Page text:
Also practically absent from the sources provided in the Companion is any indication that major twentieth century theories of the body—including Judith Butler’s concept of a performative gender and Roland Barthes’s concept of the pleasure of the text—were strongly influenced by the significant contribution of the European avant-garde to our contemporary understanding of the body as fragmented. Yet there are some notable exceptions: Connor, in “Literature, technology and the senses,” cites Arthur Rimbaud for his conception of the “derangement” of the senses, and Cohen, in “Psychoanalytic bodies,” interprets Charles Baudelaire and Edgar Allan Poe through the lenses of Sigmund Freud and Walter Benjamin. Finally, throughout the volume, scholars of Irish literature can find multiple references to James Joyce, mainly to his Ulysses. Samuel Beckett’s work is also discussed, mostly in Barry’s “The ageing body.”

A few contributions, such as “Literary sexualities” by Bauer and “The body and language” by Bennett, include references to non-Anglo thinkers such as Jacques Derrida and Jean-Luc Nancy and thus do reach out to a wider readership interested in a variety of theories on the body. But Mauss, Bourdieu, Cixous, and Irigaray are only mentioned in the introduction, and not elsewhere, thus making the reader wonder whether a phenomenological, mostly based on Merleau-Ponty, or even “historico-materialist” approach, as mentioned in the introduction (3), could have been an editorial focus of the selection of theories and essays, thus possibly marginalizing some other important and more gender-oriented, sociological, and transnational aspects.

One of the best chapters covering a broader literary context comes from the expert in body and literature, Sander Gilman. His “Representing dead and dying bodies” focuses on the Victorian period and its impact on modernist writers. It considers Charlotte and Emily Brontë, Charles Dickens, Rainer Maria Rilke, and Franz Kafka, among a much wider spectrum of European authors and sources, who follow either the Judeo-Christian or Hellenistic tradition of bodily representation. Given the compendium’s focus on more canonical rather than experimental works of literature, it is understandable that Gottfried Benn’s Morgue, representing the shocking and morbid side of German Expressionism and modernism, or Edgar Lee Masters’s Spoon River Anthology or B.S. Johnson’s House Mother Normal: A Geriatric Comedy, representing more cynical and innovative approaches to the dead and dying body in modernist American and English literatures, are mentioned neither here nor in Barry’s essay.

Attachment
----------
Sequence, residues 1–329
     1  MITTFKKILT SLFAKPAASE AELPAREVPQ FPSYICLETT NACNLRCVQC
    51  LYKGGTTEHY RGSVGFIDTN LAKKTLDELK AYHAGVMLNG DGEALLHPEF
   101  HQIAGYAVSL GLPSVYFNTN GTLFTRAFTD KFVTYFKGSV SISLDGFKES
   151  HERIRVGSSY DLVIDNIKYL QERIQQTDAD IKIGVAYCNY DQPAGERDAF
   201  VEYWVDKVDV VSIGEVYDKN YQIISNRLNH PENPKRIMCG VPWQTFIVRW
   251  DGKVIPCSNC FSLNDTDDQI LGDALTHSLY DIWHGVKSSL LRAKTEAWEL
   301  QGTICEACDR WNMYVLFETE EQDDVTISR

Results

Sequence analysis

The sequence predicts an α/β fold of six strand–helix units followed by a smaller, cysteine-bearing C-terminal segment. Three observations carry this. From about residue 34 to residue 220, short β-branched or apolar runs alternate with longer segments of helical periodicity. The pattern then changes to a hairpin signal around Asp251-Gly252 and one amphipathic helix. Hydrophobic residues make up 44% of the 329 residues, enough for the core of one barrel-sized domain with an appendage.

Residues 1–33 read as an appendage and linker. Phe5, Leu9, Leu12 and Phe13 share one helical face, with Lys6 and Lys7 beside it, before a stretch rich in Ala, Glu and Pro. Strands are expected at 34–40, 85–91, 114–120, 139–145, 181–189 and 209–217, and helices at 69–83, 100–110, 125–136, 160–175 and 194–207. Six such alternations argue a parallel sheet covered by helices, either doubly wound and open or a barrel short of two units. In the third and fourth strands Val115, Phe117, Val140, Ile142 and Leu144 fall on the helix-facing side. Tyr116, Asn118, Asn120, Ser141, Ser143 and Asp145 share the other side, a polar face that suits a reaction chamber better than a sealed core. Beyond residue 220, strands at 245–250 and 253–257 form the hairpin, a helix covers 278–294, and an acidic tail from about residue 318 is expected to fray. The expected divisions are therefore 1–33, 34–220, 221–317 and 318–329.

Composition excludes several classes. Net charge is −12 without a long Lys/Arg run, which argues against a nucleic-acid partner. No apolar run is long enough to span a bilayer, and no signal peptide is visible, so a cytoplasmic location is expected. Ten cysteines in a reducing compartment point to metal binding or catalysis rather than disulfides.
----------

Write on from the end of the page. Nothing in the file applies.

The excellent contribution by Rabaté traces Gilles Deleuze’s and Felix Guattari’s sources in English language literatures in his essay on “The body and affect” while also referencing Marcel Proust and Kafka. Here, the reader learns that authors can invent affects in literature and thus “bring about the dissolutions of the limits between self and world” (242). This, however, also points to one of the main problems when discussing the body in literature. The concept of the body is an anthropocentric idea, and would deserve a more critical theoretical perspective, including one that questions the concept of human as a letter-centric and textual being, at least within the Western Judeo-Christian understanding of the world as text. There, the human body is seen as a clone of a divine image, and thus again as a textual (re)presentation of logocentric categories. The last chapter on “Posthuman bodies” by Sheehan seeks to address this dilemma by discussing Katherine Hayles and Donna Haraway’s “emphasis on embodied materiality” (252). But again, his capably-presented categories of a cloned body, a cannibal body, and a zombie body are limited to examples of the posthuman body in English language literatures.